CS534 — Written Assignment 4 — Due Nov 18th

CS534 — Written Assignment 4 — Due Nov 18th
1. L2 SVM
Given a set of training examples {(xi , yi )}N
i=1 , where yi ∈ {1, −1} for all i. The following is the primal
formulation of L2 SVM, a variant of the standard SVM obtained by squaring the hinge loss:
min wT w + λ
s.t. yi (wT xi + b) ≥ 1 − ξi , i ∈ {1, · · · , N }
xi ≥ 0, i ∈ {1, · · · , N }
a. Show that removing the second constraint ξi ≥ 0 will not change the solution to the primal problem. In other words, let (w∗ , b∗ , ξ ∗ ) be the optimal solution to the problem without this set of
constraints, show that ξi∗ ≥ 0.
b. After removing the second set of constraints, we have a simpler problem with only one set of
constraints. Now provide the lagrangian of this new problem.
c. Derive the dual of this problem. How is it different from the standard SVM with hinge loss?
2. Neural network expressiveness
In class, we have discussed that neural network can express any arbitrary boolean functions. Please
answer the following question about neural networks.
a. It is impossible to implement a XOR function y = x1 ⊕ x2 using a single unit (neuron). However,
you can do it with a neural net. Use the smallest network you can. Draw your network and show
all the weights.
b. Create a neural network with only one hidden layer that implements (x1 ∨ ¬x2 ) ⊕ (¬x3 ∨ ¬x4 ).
c. Explain how can we construct a neural network to implement a Naive Bayes Classifier with
Boolean features.
d. Explain how can we construct a neural network to implement a decision tree classifier with boolean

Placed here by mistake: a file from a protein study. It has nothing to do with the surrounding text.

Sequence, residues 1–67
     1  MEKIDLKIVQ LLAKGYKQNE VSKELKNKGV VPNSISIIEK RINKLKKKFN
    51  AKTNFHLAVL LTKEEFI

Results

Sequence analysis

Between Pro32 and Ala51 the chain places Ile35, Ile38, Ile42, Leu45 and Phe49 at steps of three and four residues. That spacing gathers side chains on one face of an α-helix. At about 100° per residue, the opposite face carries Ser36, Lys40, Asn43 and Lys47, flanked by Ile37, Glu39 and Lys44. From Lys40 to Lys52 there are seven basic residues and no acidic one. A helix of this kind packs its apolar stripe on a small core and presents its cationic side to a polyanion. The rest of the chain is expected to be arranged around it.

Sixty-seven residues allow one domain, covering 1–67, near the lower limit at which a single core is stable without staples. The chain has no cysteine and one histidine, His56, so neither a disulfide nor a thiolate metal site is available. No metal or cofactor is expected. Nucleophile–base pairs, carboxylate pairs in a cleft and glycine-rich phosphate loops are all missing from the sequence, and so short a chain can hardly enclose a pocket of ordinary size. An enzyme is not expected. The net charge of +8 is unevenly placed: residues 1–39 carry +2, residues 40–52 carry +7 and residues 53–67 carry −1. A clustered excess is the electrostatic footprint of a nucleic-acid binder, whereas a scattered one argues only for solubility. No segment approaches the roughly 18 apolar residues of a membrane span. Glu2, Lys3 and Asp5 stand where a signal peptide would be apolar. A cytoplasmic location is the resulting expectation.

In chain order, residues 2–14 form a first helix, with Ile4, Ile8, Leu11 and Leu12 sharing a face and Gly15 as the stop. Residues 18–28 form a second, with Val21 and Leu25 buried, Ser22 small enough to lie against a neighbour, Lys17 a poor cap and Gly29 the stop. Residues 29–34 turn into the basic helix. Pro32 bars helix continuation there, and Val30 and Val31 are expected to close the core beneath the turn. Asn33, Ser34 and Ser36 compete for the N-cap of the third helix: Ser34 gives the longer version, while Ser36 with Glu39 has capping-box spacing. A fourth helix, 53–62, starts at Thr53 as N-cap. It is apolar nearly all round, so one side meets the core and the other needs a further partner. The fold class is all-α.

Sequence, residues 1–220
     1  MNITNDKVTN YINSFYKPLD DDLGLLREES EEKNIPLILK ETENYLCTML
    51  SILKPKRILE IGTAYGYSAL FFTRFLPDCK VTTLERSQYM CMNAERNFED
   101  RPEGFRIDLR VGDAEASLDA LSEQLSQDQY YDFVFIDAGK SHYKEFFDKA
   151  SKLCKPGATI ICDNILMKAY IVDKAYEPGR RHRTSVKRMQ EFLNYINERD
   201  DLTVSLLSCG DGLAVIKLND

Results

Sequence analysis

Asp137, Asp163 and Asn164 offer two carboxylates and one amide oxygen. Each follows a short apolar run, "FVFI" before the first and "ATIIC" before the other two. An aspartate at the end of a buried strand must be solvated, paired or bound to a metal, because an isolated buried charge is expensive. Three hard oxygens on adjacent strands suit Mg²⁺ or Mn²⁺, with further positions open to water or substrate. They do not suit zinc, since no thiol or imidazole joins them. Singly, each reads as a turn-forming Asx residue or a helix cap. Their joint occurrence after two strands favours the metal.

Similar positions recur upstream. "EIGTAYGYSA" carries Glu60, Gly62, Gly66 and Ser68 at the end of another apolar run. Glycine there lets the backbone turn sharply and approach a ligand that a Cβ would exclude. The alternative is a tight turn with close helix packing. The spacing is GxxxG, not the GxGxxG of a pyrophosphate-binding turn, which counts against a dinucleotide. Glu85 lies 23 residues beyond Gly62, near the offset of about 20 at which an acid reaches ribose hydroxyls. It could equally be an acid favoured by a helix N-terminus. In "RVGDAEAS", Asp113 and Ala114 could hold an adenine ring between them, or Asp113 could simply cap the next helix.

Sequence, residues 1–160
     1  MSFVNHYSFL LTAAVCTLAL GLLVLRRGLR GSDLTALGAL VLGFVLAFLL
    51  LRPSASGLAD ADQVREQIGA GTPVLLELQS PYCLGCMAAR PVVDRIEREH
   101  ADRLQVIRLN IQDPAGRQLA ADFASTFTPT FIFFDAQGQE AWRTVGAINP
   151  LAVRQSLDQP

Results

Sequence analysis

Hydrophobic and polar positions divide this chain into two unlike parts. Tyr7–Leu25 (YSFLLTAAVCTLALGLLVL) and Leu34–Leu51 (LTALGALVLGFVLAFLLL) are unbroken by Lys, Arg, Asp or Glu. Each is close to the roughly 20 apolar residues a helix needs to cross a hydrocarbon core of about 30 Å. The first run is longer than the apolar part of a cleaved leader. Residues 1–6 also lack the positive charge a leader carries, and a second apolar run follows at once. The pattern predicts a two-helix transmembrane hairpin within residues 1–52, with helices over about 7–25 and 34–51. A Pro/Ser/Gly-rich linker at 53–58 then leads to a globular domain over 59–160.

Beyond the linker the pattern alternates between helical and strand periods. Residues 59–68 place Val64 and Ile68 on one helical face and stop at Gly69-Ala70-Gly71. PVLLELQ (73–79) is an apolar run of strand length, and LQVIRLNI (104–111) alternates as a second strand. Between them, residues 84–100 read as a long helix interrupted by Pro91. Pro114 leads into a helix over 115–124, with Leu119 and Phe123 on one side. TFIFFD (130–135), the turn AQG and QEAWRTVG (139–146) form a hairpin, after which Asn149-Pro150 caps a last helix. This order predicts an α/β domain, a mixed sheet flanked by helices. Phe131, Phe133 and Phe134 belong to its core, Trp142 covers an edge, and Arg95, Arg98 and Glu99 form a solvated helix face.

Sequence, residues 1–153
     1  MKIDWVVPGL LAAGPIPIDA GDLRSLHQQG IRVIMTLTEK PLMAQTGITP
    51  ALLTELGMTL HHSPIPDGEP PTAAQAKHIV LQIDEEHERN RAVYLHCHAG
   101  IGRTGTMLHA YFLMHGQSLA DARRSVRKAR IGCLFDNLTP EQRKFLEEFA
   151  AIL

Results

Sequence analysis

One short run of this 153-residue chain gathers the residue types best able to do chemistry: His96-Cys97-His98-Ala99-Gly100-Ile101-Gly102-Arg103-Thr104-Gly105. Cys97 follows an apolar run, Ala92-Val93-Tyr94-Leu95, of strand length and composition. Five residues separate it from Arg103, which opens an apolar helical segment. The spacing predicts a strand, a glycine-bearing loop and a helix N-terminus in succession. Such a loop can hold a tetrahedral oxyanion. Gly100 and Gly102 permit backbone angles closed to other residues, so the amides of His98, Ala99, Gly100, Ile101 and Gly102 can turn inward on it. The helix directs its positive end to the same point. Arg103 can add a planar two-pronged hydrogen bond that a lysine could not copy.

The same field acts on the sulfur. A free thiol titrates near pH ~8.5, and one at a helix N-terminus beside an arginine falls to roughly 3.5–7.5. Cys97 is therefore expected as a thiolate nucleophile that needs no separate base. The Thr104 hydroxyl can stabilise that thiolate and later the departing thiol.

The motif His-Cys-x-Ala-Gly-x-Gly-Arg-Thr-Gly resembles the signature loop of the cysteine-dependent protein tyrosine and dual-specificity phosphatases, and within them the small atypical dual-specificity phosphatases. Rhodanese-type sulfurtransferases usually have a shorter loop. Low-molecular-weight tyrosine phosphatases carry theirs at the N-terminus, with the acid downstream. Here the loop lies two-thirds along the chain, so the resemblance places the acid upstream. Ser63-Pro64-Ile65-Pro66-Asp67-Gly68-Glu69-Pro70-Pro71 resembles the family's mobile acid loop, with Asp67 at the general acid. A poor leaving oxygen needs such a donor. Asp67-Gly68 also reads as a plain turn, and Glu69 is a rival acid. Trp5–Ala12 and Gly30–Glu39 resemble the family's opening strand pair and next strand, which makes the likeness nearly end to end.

3. PAC learnability. Consider the concept class C of all conjunctions (allowing negations) over n boolean
features. Prove that this concept class is PAC learnable. Note that we have gone through this example
in class but not in full detail. For this problem, you should work out the full detail, including showing
that there exists a poly-time algorithm for finding a consistent hypothesis.
4. Consider the class C of concepts of the form (a ≤ x ≤ b) ∧ (c ≤ y ≤ d), where a, b, c, and d are
integers in the interval [0, 99]. Note that each concept in this class corresponds to a rectangle with
integer-valued boundaries on a portion of the (x, y) plane. Hint: Given a region in the plane bounded
by the points (0, 0) and (n − 1, n − 1), the number of distinct rectangles with integer-valued boundaries
n(n − 1)
within this region is
(a) Give an upper bound on the number of randomly drawn training examples sufficient to assure
that for any target concept c in C, any consistent learner using H = C will, with probability 95%,
output a hypothesis with error at most 0.15.
(b) Now suppose the rectangle boundaries a, b, c, and d take on real values instead of integer values.
Update your answer to the first part of this question.